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Honeybee vaccine approved

by Wyoming Livestock Roundup

As of Jan. 4, the U.S. Department of Agriculture (USDA) granted a conditional license for vaccination of honeybees against American foulbrood (AFB), a fatal bacterial disease caused by the spore forming bacterium Paenibacillus larve. The USDA has issued the conditional license in the first instance for two years.

While AFB is not a stress-related disease and can infect the strongest to the weakest colony in an apiary, infected brood usually die at the pre-pupal or pupal stage. With previously no safe and sustainable solution for disease prevention, the only way to manage AFB is through destruction of infected colonies and hives or irradiation of infected material. 

“This is an exciting step forward for beekeepers, as we rely on antibiotic treatment with limited effectiveness and requires lots of time and energy to apply to our hives,” explains Trevor Tauzer, owner of Tauzer Apiaries and board member of the California State Beekeepers Association in a Business Wire Jan. 4 article. “If we can prevent an infection in our hives, we can avoid costly treatments and focus our energy on other important elements of keeping our bees healthy.”

Administrating the vaccine 

According to Business Wire, the vaccine contains killed whole-cell Paenibacillus larve bacteria and is administered by mixing it into queen feed, which is consumed by worker bees. The vaccine is incorporated into the royal jelly by the worker bees, who then feed it to the queen. She ingests it and fragments of the vaccine are deposited in her ovaries. 

Having been exposed to the vaccine, the developing larvae have immunity as they hatch. The vaccine is a non-genetically modified organism and has been approved to be used in agriculture. 

The bacterin was developed by Dalan Animal Health and is manufactured by Diamond Animal Health of Des Moines, Iowa, a wholly-owned subsidiary of Heska, a corporation engaging in the provision of veterinary and animal health diagnostic and specialty products. 

“We are committed to providing innovative solutions to protect our pollinators and promote sustainable agriculture. Global population growth and changing climates will increase the importance of honeybee pollination to secure our food supply. Our vaccine is a breakthrough in protecting honeybees. We are ready to change how we care for insects, impacting food production on a global scale,” said Dr. Annette Kleiser, CEO of Dalan Animal Health.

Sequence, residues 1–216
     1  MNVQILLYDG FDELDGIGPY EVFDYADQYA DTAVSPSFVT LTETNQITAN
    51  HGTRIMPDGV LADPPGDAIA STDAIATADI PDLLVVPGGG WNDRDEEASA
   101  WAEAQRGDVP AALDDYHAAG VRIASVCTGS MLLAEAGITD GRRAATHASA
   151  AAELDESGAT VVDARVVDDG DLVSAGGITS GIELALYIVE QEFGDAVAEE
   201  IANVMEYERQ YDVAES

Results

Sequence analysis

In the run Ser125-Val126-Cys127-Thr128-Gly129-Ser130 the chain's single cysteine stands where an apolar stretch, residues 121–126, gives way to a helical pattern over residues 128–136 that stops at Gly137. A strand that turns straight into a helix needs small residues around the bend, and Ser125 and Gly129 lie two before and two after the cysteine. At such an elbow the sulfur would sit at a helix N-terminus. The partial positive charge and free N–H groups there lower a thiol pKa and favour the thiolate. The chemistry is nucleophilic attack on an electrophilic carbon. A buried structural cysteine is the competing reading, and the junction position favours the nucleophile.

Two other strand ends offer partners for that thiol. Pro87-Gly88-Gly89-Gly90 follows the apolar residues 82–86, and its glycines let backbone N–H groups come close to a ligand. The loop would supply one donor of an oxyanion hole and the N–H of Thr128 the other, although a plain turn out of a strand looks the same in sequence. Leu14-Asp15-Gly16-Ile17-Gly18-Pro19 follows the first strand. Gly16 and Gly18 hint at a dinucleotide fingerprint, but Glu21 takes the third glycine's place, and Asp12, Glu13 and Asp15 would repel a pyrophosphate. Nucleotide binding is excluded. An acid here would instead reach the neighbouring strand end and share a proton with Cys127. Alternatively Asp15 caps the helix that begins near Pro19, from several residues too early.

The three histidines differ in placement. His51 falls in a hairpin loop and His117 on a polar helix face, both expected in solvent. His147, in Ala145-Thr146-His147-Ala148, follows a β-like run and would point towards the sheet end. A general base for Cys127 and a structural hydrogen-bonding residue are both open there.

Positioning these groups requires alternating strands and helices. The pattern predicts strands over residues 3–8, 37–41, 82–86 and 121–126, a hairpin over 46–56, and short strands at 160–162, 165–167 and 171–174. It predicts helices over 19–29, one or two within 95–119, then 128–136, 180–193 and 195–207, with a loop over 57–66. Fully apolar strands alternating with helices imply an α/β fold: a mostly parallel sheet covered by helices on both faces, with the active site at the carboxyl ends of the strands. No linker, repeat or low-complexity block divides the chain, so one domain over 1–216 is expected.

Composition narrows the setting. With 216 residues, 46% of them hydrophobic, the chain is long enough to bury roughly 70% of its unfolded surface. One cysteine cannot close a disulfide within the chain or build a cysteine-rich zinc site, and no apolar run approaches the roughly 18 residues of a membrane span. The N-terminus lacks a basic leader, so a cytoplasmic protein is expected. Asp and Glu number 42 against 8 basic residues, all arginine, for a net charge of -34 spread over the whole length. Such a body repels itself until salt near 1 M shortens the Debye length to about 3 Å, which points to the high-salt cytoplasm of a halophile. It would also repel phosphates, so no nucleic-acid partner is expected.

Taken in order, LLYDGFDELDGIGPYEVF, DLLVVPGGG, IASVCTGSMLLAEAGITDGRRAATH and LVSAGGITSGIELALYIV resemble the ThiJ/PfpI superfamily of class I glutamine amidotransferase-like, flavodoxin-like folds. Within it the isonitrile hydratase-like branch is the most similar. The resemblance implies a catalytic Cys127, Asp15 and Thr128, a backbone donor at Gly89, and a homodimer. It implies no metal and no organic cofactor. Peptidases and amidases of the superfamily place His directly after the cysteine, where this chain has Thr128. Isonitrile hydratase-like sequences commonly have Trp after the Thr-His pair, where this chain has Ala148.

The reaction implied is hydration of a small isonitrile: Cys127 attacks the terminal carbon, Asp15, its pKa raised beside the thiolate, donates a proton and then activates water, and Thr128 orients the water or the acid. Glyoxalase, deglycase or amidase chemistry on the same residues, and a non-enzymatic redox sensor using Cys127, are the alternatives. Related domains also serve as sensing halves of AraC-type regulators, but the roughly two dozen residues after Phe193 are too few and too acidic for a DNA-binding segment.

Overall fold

Dalan will distribute the vaccine on a limited basis to commercial beekeepers and anticipates having the vaccine available for purchase in the U.S. in 2023. 

Symptoms of AFB

AFB weakens the colony and only attacks larvae. The disease can quickly lead to death and is most commonly transmitted through spores of bacteria. 

According to a Penn State Extension article titled “Honey Bee Diseases: American Foulbrood,” when nurse bees feed larvae with food contaminated with spores, the spores turn into a vegetative stage which replicates in larval tissue and leads to death. Larvae killed by Paenibacillus larve have a unique foul order. 

Several symptoms include a spotty, irregular brood pattern; sunken, dark, greasy, perforated cappings – the pupal mass under cappings is brown and has a ropey consistency, which lasts three weeks after death; dark, hard scales difficult to be removed in the late stages, after about one month of infection; pupal tongue sticking up from the remains and a foul odor. 

Penn State Extension shares there are several diagnostic tests producers can utilize to test for AFB. They include a ropiness test, blacklight visualization, holst milk test or ordering a diagnostic test kit from a beekeeping supply company. 

In addition, brood and comb samples can be sent to the USDA Bee Research Laboratory in Beltsville, Md. for analysis. 

Kleiser told The Times the company hopes to use the vaccine as a blueprint for other treatments to protect honeybees. 

“Bees are livestock and should have the same modern tools to care for them and protect them that we have for our chickens, cats, dogs and so on,” she said. “We’re really hoping we’re going to change the industry now.” 

Brittany Gunn is the editor of the Wyoming Livestock Roundup. Send comments on this article to 

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